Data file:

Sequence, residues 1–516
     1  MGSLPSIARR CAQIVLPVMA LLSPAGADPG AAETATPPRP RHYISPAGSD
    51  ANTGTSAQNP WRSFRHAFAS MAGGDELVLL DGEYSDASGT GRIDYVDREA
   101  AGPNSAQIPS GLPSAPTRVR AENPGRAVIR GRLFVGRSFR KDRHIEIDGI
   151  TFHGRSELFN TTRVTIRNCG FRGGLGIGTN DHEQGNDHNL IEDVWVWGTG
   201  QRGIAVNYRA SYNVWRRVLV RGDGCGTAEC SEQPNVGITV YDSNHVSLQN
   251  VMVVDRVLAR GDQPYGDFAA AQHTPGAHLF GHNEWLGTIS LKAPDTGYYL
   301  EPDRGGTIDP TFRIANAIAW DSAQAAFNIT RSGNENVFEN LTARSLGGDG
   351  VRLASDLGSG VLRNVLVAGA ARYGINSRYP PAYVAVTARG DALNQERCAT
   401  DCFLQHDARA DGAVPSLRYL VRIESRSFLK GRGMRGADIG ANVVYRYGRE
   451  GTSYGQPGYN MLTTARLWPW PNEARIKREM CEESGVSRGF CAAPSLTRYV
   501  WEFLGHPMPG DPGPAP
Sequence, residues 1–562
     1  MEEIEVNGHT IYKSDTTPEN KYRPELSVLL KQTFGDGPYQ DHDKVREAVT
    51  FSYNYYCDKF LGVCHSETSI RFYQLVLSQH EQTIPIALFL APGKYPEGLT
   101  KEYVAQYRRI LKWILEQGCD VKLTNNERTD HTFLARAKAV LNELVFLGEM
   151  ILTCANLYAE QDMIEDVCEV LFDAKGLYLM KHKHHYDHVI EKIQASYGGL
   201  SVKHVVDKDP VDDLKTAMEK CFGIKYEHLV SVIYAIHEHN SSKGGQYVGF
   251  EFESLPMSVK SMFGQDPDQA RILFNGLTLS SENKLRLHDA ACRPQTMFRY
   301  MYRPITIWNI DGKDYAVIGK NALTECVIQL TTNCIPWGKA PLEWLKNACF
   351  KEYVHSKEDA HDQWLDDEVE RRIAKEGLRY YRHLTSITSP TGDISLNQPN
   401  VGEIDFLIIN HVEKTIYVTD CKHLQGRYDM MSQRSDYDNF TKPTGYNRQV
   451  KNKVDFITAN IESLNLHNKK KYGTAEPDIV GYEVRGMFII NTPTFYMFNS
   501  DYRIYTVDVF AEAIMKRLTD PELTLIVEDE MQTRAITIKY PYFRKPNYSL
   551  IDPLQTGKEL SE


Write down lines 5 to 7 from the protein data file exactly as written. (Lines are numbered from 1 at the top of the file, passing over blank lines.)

   151  TFHGRSELFN TTRVTIRNCG FRGGLGIGTN DHEQGNDHNL IEDVWVWGTG
   201  QRGIAVNYRA SYNVWRRVLV RGDGCGTAEC SEQPNVGITV YDSNHVSLQN
   251  VMVVDRVLAR GDQPYGDFAA AQHTPGAHLF GHNEWLGTIS LKAPDTGYYL